Merrill, Eugene H. A Commentary on 1 & 2 Chronicles. Grand Rapids, Mich. Kregel, 2015. 637 pp. Hb; $39.99. Link to Kregel.
Commentaries on 1 & 2 Chronicles are often painful to read. Since the books begin with nine chapters of genealogy there is little for most pastors to preach or teach and a great deal of textual work to be done in a serious commentary which is frankly dry reading (For example, Gary Knoppers’s excellent commentary on 1 Chronicles 1-9 will not win any awards for spiritual formation!) Merrill’s new commentary on both 1 & 2 Chronicles in an exegetical commentary yet he attempts to keep his eye on important theological issues in which pastors and teachers are interested.
A fifty page introduction begins with the historical and cultural setting of Chronicles. Merrill traces the return from exile and the political re-establishment of the Jewish people in Yehud. Here is focuses on data from Ezra and Nehemiah as well as the post-exilic prophets describing social and religious reforms. This includes the rebuilding of the Temple as well as a refinement of Temple worship. This post-exilic community is the world in which the books of Chronicles were written. Merrill is content to simply call the author “The Chronicler” rather than try to argue for Ezra or one of the post-exilic prophets.
Chronicles offers a rare opportunity in Old Testament studies since the book has made use of earlier canonical material and in many instances written the history to give a more favorable impression of some events or persons than the earlier Deuteronomic History (Joshua, Judges, Samuel and Kings). For Merrill, the Old Testament writers thought of themselves as conveying divine revelation, so the Chronicler thought carefully about any departure from his sources (51). Yet the Jewish world in the post-exilic period was much different than that of the Deuteronomic Historian.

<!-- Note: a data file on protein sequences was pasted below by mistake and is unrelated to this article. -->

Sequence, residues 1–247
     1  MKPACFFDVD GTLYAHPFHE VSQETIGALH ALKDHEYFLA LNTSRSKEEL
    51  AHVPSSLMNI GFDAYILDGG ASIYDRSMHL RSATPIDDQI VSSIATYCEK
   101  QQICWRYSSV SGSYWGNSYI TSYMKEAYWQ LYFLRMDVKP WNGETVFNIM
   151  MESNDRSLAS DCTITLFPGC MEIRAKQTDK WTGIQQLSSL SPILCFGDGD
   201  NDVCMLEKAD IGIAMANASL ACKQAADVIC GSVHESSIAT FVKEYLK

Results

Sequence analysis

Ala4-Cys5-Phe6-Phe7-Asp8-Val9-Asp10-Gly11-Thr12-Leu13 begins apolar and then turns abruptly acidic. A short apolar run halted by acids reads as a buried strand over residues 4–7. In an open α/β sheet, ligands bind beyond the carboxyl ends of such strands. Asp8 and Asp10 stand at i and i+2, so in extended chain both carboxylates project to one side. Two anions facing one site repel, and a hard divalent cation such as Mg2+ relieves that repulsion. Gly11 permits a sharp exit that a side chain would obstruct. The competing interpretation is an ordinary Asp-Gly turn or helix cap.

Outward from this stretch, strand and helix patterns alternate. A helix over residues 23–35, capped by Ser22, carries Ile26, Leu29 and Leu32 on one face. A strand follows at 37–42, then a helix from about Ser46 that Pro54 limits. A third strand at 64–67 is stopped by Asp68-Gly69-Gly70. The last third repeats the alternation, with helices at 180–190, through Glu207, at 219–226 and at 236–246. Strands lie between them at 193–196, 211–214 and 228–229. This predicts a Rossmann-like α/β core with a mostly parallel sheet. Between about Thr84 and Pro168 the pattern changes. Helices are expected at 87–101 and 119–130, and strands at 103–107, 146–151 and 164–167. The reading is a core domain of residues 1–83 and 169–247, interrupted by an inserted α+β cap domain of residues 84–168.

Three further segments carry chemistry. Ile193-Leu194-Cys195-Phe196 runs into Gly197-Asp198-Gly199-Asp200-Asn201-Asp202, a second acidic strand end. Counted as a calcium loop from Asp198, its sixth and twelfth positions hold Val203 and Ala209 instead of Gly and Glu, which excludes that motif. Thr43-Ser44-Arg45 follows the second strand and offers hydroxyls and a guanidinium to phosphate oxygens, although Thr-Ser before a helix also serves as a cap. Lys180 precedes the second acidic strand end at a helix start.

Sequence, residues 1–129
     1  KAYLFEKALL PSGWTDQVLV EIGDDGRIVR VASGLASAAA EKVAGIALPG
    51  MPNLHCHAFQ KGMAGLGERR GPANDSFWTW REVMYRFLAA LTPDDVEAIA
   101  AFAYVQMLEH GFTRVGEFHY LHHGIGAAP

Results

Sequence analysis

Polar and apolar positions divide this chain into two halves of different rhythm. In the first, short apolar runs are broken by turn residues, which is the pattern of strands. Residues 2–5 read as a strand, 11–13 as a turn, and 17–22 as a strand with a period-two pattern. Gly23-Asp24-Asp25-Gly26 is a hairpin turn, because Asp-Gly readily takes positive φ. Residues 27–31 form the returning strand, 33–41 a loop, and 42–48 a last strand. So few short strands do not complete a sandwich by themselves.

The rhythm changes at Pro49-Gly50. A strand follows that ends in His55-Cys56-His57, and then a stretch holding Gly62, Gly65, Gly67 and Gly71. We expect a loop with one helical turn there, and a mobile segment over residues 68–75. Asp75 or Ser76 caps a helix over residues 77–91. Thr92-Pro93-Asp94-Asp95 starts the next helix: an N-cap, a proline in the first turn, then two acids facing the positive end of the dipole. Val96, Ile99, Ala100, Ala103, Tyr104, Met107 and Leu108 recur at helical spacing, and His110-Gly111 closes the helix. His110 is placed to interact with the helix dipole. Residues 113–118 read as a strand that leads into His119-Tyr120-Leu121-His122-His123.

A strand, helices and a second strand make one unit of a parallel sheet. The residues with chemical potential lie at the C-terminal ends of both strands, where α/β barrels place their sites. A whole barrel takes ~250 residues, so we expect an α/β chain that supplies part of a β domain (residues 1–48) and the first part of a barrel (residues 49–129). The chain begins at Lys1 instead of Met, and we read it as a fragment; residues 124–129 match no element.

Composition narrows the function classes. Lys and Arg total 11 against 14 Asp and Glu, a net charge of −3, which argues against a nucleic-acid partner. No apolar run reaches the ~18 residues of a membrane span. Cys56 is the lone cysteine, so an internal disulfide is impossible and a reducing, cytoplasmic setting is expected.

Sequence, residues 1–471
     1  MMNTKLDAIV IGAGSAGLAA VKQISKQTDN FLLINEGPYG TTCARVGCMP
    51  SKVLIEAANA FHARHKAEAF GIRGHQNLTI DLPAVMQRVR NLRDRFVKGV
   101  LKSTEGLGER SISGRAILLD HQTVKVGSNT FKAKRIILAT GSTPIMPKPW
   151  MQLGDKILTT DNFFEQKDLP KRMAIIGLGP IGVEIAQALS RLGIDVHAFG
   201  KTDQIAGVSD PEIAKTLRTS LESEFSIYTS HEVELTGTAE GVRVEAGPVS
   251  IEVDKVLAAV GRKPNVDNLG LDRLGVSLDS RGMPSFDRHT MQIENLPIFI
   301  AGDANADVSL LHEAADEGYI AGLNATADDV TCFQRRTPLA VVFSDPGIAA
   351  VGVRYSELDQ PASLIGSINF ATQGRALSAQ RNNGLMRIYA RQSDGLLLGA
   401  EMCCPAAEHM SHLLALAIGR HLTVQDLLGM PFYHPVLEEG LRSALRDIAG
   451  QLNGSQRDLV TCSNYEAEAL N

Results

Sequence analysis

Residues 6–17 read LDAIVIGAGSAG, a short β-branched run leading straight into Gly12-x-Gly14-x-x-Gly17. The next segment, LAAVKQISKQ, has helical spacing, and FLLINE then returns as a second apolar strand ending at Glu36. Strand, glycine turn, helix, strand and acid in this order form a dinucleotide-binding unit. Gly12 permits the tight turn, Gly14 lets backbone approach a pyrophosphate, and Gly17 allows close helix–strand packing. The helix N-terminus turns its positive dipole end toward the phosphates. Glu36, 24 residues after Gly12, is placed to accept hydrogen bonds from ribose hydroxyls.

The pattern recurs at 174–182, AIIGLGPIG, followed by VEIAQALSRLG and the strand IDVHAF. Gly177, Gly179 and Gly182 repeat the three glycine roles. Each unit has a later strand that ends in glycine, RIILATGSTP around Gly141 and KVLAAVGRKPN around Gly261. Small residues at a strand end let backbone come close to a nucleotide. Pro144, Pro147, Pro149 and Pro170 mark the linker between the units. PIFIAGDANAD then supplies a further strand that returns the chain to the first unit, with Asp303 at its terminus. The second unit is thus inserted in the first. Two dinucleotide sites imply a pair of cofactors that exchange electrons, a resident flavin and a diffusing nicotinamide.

Merrill suggests the Chronicler was influenced by the eschatological hopes of Ezra-Nehemiah so that he attempted to answer the despair of the post-exilic community by re-writing history to point forward to an eschatological hope in a restored house of David (60). It is well known that Chronicles minimizes David’s sin, for Merrill the motivation for this positive spin is to set the stage for a succession of Davidic kings fulfilling God’s promise. David is the anticipated ruler of early canonical promises (62) and the focus of prophetic hopes for a future, eschatological kingdom (65). In fact, these hopes take the shape of a new temple as a symbol of God’s reconstituted people (68).
The introduction is supplemented by twelve excurses which conclude many of the major units of the commentary. These are brief additional comments on a historical or theological issue in the unit for example, at the end of the commentary on 1 Chron 15:1-21:30 (the exploits of David), Merrill offers a page on the Angel of YHWH, two pages on David and Royal Sonship, and a about five pages on the Theological Ethic of Holy War.